Call me naive. I honestly thought the tired, sexist trope of nagging Jewish mothers was fading from our cultural canon. The merciless mama bears – the floating head of Woody Allen’s mother in New York Stories; Liz Sheridan hounding her son in Seinfeld; the screeching Mrs. Wolowitz in The Big Bang Theory – regressed from unstoppable forces of comedy (they were funny, once!) into tired writers’ comedy scripts, illustrating little originality or depth.
I had – mistakenly, I admit – started to think writers were moving past this trope. Why? Because excellent Jewish TV shows of the last decade, such as Broad City, Crazy Ex-Girlfriend, Transparent and The Marvelous Mrs. Maisel, had rocketed into the mainstream, winning accolades and awards with subversive, nuanced portrayals of Jewish motherhood. Sure, these women were still a little naggy, but audience members could understand their motivations. In the befuddling musical finale of Transparent, Judith Light croons an ode to maternal Jews in tango verse: “When I was your age/ I’d do every chore, everything that she asked me to/ To quiet her rage/ I was the pillow she screamed every night into/ So I promised I’d never/ Do that s–t to my daughter.”
Alas, a new Netflix movie crushed my optimism. In October, Netflix debuted The Awakening of Motti Wolkenbruch (which, in German, was granted the superior title of Wolkenbruch’s Wondrous Journey Into the Arms of a Shiksa). The streaming algorithm, which I have to assume knows I’m Jewish by now, incessantly recommended the film to me, so, fine, I relented. And I’m sorry I did.
The film stars Swiss-Israeli actor Joel Basman as the titular Motti Wolkenbruch, a studious Orthodox Jew attending a public university, where he meets a manic pixie dream shiksa. Slowly, he sheds his religious life for the earthly pleasures of beer, drugs, colourful T-shirts and premarital sex.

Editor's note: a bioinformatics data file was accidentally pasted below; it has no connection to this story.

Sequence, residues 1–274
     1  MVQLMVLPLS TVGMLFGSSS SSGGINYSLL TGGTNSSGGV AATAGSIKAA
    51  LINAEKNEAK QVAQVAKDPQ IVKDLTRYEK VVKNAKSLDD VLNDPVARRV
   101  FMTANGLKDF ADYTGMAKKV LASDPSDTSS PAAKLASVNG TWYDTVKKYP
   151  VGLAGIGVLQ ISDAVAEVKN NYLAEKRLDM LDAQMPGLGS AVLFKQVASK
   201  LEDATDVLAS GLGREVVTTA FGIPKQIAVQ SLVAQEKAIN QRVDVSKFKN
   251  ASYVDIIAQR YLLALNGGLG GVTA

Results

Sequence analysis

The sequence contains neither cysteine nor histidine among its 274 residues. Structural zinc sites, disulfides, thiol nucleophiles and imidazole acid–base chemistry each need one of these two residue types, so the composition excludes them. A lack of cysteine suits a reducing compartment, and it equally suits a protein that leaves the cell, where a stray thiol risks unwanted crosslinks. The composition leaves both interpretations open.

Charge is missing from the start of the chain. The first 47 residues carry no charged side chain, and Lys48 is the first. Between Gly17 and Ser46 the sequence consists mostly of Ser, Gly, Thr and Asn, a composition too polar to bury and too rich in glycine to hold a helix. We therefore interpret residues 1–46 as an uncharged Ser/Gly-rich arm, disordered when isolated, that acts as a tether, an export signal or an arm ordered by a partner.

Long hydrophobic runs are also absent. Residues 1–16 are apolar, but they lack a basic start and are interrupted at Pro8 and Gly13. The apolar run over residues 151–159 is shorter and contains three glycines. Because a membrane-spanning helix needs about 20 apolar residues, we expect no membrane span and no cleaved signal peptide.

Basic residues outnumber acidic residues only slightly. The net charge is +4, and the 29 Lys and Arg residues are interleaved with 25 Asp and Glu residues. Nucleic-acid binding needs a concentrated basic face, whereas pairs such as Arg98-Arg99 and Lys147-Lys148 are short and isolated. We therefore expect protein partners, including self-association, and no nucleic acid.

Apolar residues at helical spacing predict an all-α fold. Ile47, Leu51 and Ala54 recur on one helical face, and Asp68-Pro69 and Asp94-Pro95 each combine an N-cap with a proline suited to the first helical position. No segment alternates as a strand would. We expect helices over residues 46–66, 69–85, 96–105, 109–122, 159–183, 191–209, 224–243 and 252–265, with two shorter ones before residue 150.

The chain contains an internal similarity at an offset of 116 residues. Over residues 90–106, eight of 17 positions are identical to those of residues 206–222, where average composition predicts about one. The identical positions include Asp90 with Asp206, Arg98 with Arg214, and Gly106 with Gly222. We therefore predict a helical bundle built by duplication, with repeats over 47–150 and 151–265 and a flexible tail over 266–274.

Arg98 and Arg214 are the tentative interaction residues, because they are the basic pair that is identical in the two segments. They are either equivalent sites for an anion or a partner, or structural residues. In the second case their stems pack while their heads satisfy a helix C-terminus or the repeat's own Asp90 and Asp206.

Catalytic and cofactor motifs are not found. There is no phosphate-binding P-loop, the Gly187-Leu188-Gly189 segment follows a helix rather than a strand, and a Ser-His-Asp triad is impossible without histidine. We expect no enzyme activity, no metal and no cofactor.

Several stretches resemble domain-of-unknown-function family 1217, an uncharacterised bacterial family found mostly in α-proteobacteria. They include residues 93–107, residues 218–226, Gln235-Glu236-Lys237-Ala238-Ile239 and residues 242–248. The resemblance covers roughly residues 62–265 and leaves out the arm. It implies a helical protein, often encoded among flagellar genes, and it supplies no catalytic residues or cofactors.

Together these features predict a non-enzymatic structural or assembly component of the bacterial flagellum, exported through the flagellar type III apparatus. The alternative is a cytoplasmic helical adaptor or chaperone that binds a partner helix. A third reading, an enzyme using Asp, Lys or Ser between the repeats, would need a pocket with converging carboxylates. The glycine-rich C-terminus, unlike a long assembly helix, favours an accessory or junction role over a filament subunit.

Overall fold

And so much premarital sex, this kid has! It’s one of those movies where numerous women, totally inexplicably, rush to bump uglies with this nice, meek little dude. Motti offers nothing and is given everything. The movie so badly fails the Bechdel test (a feminist barometer: “Do two women have a conversation that isn’t about the male protagonist?”) that not only is every significant woman weirdly obsessed with Motti, but the only woman who isn’t in love with him – he meets her during a failed shidduch – handily falls for his best friend in a wink.
But the woman most obsessed with Motti does not jump his bones. His mother screams and cries and faints and prods, singularly hoping for her son to marry a Jewish girl. Nothing about her is amusing or creative. It’s base, retrograde comedy that banks on Jewish stereotypes for cheap laughs – and even then, it fails, because the script isn’t very funny.
For context, the film suffers issues beyond its ingrained sexism. A relentless attack on Orthodox Judaism leaves no opportunity for what could have been an interesting insight into its merits, why people choose to stay, which feels unfair given how central it is to the story. The film ultimately meanders toward an unearned ambiguous ending, which might have worked better in the novel upon which this train wreck is based.
I applaud Netflix for picking up an oddball foreign comedy, which Switzerland has entered into the Oscar race for best international film. (God help us if it actually gets nominated.) But there’s a higher bar for Jewish comedy in 2019 than there was in 1989, when Woody Allen envisioned a gigantic blow-up of his obnoxious mother floating in the clouds above New York City in Oedipus Wrecks, kibitzing with baffled locals in broad daylight.
That was funny – it took a typical dynamic and exploded it to citywide proportions.
Motti and his mother, however, aren’t subverting the stereotype. They are the stereotype.